4. Rdizzie Steven Pinker has written a book, The Better Angels of our Nature, which refutes your claim that human behaviour has not changed in thousands of years. We are getting better. We are learning to over-ride our base primate insticts and behave better towards each other. Understanding what we are, apes, and what drives us, mostly emotion, allows us to make better decisions by not depending on instinct so much as rational thought.

  5. It’s true that all it really takes is to make it personal. As an American college student that hadn’t been out of the country, I got a pretty big culture shock going to poor areas of Peru. It makes the rest of the world seem more real, which is something our culture lacks in general.

  6. I’m afraid I must wholly disagree with the post above.There is little evidence that we are getting better and behave better towards each other. One need only open a newspaper or your web browser for evidence of how we are the same as we were thousands of years ago.

  7. I’m with Kudzu and Rdizzie, too. One liberal professor’s book showing a per capita decrease in violence does not make a proof that human nature has changed. Certainly the simplistic formula that understanding that we are apes driven by emotion = more rational thought = more peace, morality, and a change in nature doesn’t hold up to critical examination. A number of great changes toward peace and equality were made before and apart from Enlightenment/Rationalist thinking, let alone before the concept that humans are “naked apes.” Likewise, a number of violent regimes, including the Nazis and various communist regimes, claimed to have their roots in such modern, “Enlightened” thinking. Purely rational thought can be used to justify all sorts of violence given the right circumstances. We scoff at the idea of someone refusing to save a baby to spare their expensive shoes, but many people are very passionate about defending a woman’s right to an abortion at any point, for any reason. Some have argued, rationally, that abortions should be extended to months after birth. It might even be argued, rationally, that our very concepts of such intangibles as morality, nobility, love, etc., are superfluous veneers generated as side products of the freak mutations that made us the bubble-brained threats to the balance of nature.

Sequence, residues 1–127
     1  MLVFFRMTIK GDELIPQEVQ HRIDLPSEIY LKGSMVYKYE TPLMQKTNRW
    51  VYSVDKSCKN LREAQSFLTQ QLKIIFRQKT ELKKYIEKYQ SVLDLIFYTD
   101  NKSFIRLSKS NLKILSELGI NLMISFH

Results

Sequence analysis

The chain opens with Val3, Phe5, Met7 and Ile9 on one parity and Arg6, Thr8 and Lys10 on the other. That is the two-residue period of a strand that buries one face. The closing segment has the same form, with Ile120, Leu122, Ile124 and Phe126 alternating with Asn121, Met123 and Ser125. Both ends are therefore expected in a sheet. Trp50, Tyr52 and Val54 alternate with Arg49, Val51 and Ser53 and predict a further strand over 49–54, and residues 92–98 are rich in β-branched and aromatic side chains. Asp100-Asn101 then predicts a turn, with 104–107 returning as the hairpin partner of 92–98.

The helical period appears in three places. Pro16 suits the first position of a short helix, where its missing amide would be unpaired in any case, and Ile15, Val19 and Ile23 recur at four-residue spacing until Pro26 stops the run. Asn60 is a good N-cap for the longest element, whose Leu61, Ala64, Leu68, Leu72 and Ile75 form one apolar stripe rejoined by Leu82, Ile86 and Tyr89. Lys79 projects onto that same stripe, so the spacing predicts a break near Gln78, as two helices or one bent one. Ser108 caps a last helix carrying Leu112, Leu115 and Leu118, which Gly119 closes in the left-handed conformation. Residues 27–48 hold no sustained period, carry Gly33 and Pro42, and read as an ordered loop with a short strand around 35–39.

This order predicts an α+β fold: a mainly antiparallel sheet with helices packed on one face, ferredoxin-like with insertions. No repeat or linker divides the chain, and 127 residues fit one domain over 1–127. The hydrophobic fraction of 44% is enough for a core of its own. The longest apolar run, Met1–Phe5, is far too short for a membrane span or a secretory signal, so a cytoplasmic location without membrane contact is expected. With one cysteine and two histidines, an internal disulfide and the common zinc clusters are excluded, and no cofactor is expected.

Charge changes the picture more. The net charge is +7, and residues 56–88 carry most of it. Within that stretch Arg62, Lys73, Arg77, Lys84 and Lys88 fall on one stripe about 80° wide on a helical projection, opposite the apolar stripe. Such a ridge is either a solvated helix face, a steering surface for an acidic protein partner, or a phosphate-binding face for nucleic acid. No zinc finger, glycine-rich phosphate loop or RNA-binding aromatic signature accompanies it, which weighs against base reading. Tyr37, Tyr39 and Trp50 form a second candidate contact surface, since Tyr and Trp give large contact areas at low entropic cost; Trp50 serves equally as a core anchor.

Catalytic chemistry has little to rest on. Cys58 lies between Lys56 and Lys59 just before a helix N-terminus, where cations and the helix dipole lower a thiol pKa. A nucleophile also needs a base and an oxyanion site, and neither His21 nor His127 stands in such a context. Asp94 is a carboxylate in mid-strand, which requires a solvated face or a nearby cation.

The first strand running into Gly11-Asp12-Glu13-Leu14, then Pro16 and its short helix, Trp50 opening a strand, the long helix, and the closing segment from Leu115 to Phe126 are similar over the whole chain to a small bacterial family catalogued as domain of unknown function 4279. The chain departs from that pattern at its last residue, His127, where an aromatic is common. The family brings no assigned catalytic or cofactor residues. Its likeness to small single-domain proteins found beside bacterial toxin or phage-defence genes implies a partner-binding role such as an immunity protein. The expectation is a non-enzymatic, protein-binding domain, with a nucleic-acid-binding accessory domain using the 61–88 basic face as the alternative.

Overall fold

The reasons for the drop in per-capita violence are probably numerous and interdependent (and I wonder what would happen if we included abortion, suicides and other forms of violence that aren’t traditionally included). I suspect much of it is simply mundane changes in circumstances — no “undiscovered” lands to claim, the ratio of disputed to undisputed territory greatly reduced, governmental power more distributed, capitalism leading to “others” becoming “customers,” religions becoming widespread rather than limited to specific tribes or exclusive groups, military strategy and technology allowing for limited strikes, etc.